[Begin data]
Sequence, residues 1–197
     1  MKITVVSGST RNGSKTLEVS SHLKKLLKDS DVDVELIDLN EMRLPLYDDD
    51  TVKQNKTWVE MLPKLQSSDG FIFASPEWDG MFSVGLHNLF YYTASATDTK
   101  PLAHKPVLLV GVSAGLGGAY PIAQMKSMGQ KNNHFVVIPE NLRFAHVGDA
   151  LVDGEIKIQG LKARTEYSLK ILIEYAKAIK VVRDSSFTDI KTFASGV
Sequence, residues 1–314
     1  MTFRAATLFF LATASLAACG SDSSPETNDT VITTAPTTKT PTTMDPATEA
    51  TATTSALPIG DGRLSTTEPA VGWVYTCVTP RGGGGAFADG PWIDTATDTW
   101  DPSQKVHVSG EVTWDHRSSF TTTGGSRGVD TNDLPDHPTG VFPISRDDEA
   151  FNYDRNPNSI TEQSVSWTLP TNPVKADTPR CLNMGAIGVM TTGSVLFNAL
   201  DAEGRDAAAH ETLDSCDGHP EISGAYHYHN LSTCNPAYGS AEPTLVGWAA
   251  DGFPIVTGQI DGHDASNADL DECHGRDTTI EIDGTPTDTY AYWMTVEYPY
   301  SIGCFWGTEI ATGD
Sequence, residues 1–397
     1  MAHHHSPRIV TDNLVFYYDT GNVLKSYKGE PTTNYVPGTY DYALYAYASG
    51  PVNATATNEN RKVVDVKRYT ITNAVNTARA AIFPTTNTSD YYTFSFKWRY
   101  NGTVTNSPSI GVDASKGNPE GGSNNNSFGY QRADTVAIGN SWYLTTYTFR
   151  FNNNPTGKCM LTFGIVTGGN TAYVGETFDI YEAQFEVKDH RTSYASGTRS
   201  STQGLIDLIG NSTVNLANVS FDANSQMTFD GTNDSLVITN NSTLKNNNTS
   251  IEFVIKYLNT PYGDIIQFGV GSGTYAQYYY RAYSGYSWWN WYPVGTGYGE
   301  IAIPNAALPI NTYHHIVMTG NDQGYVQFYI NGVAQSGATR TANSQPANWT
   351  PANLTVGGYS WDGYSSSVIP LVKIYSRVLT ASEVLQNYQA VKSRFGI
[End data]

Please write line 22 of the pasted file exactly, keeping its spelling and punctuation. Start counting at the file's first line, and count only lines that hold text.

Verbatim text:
   351  PANLTVGGYS WDGYSSSVIP LVKIYSRVLT ASEVLQNYQA VKSRFGI